Music becomes a gadgeteer

For a long time the music industry saw digital technology as something be stamped on with steel-capped boots. The smell of cash, though, has brought t

For a long time the music industry saw digital technology as something be stamped on with steel-capped boots. The smell of cash, though, has brought them round, and the world's biggest acts are going tech.

The mobile phone, in particular, is the marketing machines' favourite new toy. Madonna's debut single 'Hung Up' from her new album 'Confessions on a Dancefloor' was recently released first as a ringtone via MTV.com and VH1.com. The same sites will also be previewing the whole album a week for its official release on 14th November.

Robbie Williams' launch of his new album 'Intensive Care' at Berlin concert on 11th October was watched by over 100,000 people on their mobiles, and we recently revealed his involvement in Nokia's Coolzone technology for streaming songs via Bluetooth in cafes.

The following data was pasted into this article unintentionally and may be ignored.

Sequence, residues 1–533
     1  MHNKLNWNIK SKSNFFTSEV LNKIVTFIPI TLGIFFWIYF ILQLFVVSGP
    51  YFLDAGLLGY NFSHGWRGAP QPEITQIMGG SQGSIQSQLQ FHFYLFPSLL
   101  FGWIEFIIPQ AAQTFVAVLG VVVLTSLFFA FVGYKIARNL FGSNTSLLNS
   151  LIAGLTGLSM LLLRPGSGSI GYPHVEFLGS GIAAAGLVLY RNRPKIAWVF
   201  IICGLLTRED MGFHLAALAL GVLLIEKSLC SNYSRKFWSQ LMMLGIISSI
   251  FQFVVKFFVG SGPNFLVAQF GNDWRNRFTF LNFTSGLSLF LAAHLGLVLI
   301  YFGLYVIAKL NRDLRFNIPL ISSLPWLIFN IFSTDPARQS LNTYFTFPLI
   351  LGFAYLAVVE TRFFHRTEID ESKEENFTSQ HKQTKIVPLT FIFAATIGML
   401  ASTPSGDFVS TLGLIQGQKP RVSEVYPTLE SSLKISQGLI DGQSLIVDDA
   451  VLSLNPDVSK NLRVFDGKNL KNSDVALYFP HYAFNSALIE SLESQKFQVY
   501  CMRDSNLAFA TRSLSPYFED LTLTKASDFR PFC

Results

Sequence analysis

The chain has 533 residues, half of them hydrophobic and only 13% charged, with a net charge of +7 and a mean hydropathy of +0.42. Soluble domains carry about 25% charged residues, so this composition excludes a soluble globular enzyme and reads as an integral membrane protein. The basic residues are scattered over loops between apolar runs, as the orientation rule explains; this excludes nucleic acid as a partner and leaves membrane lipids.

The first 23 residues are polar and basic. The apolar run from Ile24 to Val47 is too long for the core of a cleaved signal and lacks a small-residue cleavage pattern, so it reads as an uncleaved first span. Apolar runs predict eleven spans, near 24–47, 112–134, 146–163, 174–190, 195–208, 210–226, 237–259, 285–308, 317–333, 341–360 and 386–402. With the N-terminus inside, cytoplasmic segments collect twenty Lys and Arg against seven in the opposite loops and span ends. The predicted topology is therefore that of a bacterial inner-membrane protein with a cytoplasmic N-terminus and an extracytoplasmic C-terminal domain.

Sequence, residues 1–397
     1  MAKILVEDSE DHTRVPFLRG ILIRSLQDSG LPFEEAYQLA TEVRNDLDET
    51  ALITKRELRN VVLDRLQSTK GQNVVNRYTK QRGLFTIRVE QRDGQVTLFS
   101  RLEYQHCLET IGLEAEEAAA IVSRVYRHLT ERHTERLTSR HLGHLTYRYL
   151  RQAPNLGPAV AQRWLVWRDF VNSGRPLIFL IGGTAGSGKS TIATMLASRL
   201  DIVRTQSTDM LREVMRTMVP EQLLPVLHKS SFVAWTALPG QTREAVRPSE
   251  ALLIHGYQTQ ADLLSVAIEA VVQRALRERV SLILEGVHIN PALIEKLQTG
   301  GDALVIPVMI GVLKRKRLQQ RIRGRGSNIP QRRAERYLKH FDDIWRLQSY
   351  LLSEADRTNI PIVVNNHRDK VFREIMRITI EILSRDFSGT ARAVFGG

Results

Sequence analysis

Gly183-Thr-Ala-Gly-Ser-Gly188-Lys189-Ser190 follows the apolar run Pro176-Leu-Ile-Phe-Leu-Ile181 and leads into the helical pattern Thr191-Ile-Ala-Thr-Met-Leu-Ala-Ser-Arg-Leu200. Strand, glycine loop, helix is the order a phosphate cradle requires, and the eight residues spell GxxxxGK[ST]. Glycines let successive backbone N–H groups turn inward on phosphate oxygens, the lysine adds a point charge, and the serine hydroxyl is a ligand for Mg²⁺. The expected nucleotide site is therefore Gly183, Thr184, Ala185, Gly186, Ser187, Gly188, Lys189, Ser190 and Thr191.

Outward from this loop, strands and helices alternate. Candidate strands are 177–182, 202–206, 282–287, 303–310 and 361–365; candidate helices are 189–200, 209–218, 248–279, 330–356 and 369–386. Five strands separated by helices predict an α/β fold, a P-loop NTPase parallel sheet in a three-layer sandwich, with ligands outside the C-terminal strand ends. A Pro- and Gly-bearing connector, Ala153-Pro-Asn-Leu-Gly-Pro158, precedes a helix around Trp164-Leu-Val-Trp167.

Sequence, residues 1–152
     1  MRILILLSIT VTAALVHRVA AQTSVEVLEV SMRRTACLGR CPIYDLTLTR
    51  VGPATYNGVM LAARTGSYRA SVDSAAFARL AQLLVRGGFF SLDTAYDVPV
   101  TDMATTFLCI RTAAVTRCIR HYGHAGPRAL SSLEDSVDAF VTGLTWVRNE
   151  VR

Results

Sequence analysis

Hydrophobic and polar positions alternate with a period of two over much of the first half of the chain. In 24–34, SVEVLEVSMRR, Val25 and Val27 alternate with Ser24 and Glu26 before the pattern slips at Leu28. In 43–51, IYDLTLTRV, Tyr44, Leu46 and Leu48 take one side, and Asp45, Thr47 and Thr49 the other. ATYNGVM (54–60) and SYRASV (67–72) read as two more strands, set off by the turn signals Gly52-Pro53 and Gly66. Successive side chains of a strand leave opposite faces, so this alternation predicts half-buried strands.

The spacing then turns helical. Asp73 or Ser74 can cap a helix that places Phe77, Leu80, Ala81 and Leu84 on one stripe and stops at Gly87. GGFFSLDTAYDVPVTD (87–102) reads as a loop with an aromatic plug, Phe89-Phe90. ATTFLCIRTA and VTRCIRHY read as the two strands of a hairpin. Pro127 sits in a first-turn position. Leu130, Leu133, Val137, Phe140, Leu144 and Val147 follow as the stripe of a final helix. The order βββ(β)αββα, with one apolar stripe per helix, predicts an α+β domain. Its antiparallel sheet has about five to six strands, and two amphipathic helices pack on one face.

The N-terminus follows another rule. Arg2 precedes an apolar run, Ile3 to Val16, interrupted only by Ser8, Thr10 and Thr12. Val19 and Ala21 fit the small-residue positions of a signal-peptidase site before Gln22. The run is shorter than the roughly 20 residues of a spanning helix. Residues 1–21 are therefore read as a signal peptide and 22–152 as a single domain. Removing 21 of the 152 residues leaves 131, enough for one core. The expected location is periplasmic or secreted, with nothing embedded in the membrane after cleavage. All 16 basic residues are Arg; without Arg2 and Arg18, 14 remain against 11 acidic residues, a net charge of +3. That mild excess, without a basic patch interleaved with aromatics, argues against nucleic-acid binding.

Meanwhile, latino bellydancer Shakira has hooked up with MTV to produce 'mobisode' interviews and online pre-release tracks from her upcoming release 'Oral Fixation Vol 2'.

But while heavily backed artists like Shakira and Williams, who has shifted 35m albums, are using their clout to take advantage of new digital technology avenues, forward-thinking little guys have been using music fans' technical nous to reduce the need for label muscle.

The Arctic Monkeys' (above) seizing of the number one spot two weeks ago was the direct result of their home-made hype machine, which involved encouraging fans to swap MP3s through file-sharing sites like Kazaa.

As we reported back in our August issue, electro-pop band The Modern were became the first band to sign a major label digital-only deal with Universal, which lets Universal market tracks online in return for a share of the profits, while Goldie Lookin' Chain have prolonged their limited shelf-life by offering video downloads of gigs on their website.

So, with music's distribution and publicity becoming increasingly digital, is there still a place for CD? Certainly while the infuriating digital rights management (DRM) and interoperability between services issues continue. Plus, it's fair to say that only early adopters (that's us) can be bothered to download to a music video onto a 3G phone.

So, the transitional multi-format availability of CDs alongside digital files and video downloads looks set to continue for some time yet. What it does mean is that there have never been more ways to consume music. And that can only be a good thing for us consumers.